ELMSDALE – A West Prince community information meeting on hydraulic fracturing, commonly referred to as fracking, will be held at Westisle Composite High School from 7 to 9 p.m on Tuesday, Jan. 21.
The meeting is sponsored by Don’t Frack P.E.I. and is hosted by the Christian Life Community.
There will be information on fracking, including a Mi’kmaq analysis on the threat fracking presents to P.E.I. and its hope for non-violent resistance. There will be a discussion on involving ordinary people and learning the meaning of social licence.
Organizers are hoping to sign up approximately 10 people to attend a three-hour training session on a Saturday in February in an effort to involve more community people.
The session is open to all who have an interest in learning more about, and taking action around, hydraulic fracturing (fracking) for natural gas and the threat this poses for P.E.I.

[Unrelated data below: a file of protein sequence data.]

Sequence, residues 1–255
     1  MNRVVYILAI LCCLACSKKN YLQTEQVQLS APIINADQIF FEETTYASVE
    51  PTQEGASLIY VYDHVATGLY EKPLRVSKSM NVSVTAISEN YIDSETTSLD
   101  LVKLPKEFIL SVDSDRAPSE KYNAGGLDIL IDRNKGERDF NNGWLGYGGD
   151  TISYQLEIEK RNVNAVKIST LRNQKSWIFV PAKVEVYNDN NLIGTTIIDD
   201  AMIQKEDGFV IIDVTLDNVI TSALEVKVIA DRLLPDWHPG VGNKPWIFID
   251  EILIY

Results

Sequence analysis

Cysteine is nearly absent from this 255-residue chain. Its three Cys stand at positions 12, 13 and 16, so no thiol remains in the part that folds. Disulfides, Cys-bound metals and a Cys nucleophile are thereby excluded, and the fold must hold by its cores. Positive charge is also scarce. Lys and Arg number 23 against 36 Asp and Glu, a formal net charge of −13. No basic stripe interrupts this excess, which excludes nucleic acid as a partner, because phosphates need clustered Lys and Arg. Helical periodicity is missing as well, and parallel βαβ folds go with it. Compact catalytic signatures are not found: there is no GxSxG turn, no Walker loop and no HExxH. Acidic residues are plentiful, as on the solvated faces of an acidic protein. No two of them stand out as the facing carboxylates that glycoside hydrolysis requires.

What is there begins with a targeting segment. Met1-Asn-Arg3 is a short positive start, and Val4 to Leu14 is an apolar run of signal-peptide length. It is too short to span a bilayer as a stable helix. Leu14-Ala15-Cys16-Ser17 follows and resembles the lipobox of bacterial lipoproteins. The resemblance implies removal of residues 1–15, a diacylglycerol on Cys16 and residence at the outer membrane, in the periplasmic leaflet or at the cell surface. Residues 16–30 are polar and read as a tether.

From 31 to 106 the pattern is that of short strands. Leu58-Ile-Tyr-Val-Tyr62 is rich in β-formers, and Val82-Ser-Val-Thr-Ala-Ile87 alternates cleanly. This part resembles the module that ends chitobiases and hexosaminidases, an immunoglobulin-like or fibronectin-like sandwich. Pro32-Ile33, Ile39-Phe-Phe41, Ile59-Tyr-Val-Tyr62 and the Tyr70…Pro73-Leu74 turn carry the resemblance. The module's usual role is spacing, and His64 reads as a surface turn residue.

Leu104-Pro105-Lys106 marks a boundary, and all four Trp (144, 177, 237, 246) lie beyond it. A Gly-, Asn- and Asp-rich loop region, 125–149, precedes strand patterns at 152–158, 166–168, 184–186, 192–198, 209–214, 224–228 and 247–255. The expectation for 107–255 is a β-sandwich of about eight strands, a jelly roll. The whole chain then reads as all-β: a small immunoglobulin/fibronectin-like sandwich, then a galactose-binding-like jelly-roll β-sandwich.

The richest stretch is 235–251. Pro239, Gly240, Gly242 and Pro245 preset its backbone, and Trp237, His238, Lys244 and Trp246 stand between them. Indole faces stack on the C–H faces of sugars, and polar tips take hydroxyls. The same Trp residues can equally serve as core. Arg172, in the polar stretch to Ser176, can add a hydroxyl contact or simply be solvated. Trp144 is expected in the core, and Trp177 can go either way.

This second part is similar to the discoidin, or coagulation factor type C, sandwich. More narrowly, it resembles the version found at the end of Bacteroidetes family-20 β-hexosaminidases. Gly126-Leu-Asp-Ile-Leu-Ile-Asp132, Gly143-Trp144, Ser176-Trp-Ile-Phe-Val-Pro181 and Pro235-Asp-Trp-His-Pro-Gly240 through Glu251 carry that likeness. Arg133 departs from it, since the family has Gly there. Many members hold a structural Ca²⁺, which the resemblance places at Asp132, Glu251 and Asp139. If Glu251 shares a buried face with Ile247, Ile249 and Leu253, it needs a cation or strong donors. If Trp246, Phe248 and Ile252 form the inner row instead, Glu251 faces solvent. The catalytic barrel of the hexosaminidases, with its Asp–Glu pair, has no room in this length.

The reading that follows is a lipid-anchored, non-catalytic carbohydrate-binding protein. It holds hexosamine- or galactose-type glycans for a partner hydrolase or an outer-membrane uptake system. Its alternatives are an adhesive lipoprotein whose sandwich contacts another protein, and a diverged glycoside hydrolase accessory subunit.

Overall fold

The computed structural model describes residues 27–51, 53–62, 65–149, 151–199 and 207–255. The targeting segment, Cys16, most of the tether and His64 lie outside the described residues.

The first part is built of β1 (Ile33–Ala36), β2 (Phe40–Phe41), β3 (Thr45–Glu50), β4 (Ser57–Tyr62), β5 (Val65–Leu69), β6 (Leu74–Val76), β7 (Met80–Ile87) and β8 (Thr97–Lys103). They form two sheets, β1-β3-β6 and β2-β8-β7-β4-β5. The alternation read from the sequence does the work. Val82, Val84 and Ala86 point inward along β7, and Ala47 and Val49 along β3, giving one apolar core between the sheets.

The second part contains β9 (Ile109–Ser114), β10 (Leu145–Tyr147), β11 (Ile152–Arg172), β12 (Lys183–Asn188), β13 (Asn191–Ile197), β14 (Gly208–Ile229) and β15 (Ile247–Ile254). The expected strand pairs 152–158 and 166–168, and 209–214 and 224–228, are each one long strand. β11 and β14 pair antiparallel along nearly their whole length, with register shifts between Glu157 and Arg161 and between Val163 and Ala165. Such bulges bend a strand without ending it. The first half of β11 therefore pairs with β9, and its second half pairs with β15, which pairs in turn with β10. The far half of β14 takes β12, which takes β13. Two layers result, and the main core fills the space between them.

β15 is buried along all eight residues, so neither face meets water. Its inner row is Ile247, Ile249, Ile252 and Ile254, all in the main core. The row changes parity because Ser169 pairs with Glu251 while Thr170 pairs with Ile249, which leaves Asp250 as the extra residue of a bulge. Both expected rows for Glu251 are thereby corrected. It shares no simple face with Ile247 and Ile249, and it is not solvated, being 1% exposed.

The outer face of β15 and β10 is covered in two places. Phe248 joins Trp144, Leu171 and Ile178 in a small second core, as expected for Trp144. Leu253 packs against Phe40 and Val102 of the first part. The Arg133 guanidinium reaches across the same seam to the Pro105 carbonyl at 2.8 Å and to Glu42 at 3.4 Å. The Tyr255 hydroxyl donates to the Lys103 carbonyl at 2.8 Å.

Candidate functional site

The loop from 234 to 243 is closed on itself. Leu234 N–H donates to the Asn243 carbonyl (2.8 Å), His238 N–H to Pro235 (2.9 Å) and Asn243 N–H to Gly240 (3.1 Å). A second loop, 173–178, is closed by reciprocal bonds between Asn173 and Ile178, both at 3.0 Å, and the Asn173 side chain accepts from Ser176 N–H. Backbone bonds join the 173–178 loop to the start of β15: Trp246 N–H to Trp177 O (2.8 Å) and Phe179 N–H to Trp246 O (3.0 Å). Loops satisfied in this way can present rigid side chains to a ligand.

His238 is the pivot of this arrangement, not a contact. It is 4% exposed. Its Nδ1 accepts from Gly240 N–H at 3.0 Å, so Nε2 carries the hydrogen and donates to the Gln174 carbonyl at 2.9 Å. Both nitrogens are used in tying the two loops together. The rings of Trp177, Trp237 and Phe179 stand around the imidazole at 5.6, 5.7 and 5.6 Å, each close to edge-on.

Andrew Lush, member of Don’t Frack P.E.I. co-ordinating committee, will provide the meeting with a description of fracking. He will offer up evidence of the results of fracking in other parts of Canada and the U.S.A. and will present the findings of various researchers.
Eliza, Star Child, Knockwood, a guest presenter, is a Mi’kmaq woman from Abegweit First Nation. She is a powerful speaker who has a history of taking courageous stands for the protection of all aspects of the natural environment. She has participated in the New Brunswick protest against fracking explorations and extractions of shale gas. She will highlight the capacity and power of Aboriginal and non-Aboriginal people standing side-by-side in this protest.
Another member of Don’t Frack P.E.I.’s co-ordinating committee, Leo Broderick, will speak about the need for the whole community to get actively involved in the “don’t frack” movement. He will discuss the role of the community in granting or denying permission to enterprises for the exploitation of our resources. For example, companies which propose to drill for natural gas need more than political approval or legal
Licence, they must have acceptance of the community, which is called social licence. For this, communities must be informed, and must take active voice, noted Broderick.